PRAGUE, March 3 (Reuters) - Ministers from the two main Czech government parties said on Monday that Russian firms should not be allowed to take part in the expansion of a Czech nuclear power station, worth over $10 billion, after Russian troops seized Ukraine's Crimea region.
The Czechs, members of NATO and the European Union, have said Russian actions in Crimea over the weekend broke international law and government leaders likened the incursion to the 1968 Soviet occupation of Czechoslovakia.
"Russia has disappeared from the group of predictable, democratic countries. What it is doing is unacceptable," the news website www.idnes.cz quoted Defence Minister Martin Stropnicky as saying.
Stropnicky, a former diplomat from the centrist ANO party, confirmed to Reuters that he could hardly imagine Russian firms taking part in the project after what had happened in Crimea.
A consortium including Russia's Atomstroyexport is bidding to expand the Temelin plant, alongside Toshiba's U.S. unit Westinghouse.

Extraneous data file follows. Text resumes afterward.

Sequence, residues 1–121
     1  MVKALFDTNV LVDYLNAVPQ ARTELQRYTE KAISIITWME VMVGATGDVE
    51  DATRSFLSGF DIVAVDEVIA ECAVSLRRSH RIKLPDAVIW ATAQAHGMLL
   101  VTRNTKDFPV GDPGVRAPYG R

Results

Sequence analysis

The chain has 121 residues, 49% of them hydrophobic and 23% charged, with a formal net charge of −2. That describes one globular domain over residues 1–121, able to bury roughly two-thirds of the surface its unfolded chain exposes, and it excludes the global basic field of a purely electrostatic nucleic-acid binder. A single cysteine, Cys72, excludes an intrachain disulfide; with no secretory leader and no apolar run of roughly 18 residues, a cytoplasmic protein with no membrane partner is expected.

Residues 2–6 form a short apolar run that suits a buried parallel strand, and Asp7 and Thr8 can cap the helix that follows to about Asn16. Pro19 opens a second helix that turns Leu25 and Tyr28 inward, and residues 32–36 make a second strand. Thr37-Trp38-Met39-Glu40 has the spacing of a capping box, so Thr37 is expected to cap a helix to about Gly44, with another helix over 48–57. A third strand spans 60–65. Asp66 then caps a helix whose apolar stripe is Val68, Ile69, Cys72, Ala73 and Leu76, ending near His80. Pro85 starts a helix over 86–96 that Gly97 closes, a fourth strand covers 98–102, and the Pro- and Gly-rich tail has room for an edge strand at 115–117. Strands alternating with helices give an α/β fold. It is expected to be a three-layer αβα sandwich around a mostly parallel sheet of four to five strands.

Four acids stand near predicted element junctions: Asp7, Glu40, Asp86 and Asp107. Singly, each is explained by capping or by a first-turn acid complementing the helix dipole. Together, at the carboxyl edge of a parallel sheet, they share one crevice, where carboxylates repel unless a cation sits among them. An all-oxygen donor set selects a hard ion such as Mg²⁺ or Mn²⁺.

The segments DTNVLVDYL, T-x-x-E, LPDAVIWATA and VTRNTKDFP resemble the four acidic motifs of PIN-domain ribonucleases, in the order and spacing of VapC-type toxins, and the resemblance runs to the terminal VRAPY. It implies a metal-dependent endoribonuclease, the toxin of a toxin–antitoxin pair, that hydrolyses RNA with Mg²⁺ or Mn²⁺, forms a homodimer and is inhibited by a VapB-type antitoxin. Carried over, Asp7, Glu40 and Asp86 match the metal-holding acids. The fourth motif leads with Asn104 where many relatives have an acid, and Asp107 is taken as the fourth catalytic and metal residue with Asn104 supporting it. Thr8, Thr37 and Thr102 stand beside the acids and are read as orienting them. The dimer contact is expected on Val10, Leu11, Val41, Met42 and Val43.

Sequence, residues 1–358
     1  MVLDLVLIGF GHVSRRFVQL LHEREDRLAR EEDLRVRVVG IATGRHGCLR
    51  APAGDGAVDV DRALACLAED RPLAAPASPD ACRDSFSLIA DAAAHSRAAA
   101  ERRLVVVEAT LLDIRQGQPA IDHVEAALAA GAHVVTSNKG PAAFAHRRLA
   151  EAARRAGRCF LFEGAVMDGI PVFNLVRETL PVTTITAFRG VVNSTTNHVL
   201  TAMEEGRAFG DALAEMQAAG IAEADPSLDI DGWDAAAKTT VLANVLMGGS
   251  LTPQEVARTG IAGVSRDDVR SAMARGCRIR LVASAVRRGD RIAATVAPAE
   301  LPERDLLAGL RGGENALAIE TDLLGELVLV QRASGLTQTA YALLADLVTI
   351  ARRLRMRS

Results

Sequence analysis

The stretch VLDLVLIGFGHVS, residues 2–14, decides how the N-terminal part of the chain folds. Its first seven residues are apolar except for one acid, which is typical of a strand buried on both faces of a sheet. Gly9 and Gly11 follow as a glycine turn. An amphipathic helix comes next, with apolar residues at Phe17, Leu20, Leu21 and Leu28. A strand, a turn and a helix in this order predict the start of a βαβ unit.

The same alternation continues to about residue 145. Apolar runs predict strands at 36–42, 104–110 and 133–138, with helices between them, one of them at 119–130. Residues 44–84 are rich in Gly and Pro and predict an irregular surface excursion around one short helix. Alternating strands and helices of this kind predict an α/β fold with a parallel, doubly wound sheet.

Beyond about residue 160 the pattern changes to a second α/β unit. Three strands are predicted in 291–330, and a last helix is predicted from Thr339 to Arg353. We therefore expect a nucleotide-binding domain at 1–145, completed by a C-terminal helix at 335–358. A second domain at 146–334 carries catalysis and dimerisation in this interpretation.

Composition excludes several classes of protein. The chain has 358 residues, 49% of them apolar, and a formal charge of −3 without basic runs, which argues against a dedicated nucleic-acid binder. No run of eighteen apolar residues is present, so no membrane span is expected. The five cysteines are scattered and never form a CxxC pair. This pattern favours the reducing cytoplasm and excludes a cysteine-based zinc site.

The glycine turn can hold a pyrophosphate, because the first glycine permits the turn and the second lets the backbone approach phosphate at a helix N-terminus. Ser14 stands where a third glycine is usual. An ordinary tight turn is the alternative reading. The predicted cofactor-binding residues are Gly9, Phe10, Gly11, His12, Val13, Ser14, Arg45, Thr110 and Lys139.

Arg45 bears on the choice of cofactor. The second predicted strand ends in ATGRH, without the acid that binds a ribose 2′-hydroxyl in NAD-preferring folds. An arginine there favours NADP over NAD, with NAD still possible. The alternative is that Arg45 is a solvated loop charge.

Despite the opening of the tender process, it is not clear that a contract will be awarded in the near term, because low electricity prices currently make nuclear energy economically unviable without some form of state support. However, there is a broad political consensus in the Czech Republic in favour of nuclear energy.
Stropnicky's views were backed by Jiri Dienstbier, minister for human rights from the centre-left Social Democrats of Prime Minister Bohuslav Sobotka.
"There has been talk about sanctions against Russia. Personally, I cannot imagine that Russians will continue to take part in the tender to expand Temelin because a country that uses military aggression in foreign policy is a security risk for the Czech Republic as well," the news website www.aktualne.cz quoted Dienstbier as saying.
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